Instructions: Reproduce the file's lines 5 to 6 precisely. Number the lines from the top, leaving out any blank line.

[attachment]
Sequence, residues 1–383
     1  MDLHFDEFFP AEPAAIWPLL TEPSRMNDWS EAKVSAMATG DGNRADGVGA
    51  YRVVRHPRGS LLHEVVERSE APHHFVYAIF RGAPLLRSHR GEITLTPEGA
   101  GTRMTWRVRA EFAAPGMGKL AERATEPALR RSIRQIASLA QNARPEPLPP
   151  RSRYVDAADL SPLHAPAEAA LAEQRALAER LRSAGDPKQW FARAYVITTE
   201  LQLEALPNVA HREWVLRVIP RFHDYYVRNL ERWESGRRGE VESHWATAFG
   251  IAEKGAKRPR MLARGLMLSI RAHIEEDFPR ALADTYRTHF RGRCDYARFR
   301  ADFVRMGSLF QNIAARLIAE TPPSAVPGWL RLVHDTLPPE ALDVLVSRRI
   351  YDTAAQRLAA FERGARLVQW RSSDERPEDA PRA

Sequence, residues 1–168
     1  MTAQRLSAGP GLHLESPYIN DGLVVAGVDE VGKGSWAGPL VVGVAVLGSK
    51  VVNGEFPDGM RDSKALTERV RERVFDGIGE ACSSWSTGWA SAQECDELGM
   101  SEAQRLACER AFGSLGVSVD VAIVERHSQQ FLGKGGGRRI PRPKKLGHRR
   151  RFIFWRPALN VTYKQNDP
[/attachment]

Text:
   151  RSRYVDAADL SPLHAPAEAA LAEQRALAER LRSAGDPKQW FARAYVITTE
   201  LQLEALPNVA HREWVLRVIP RFHDYYVRNL ERWESGRRGE VESHWATAFG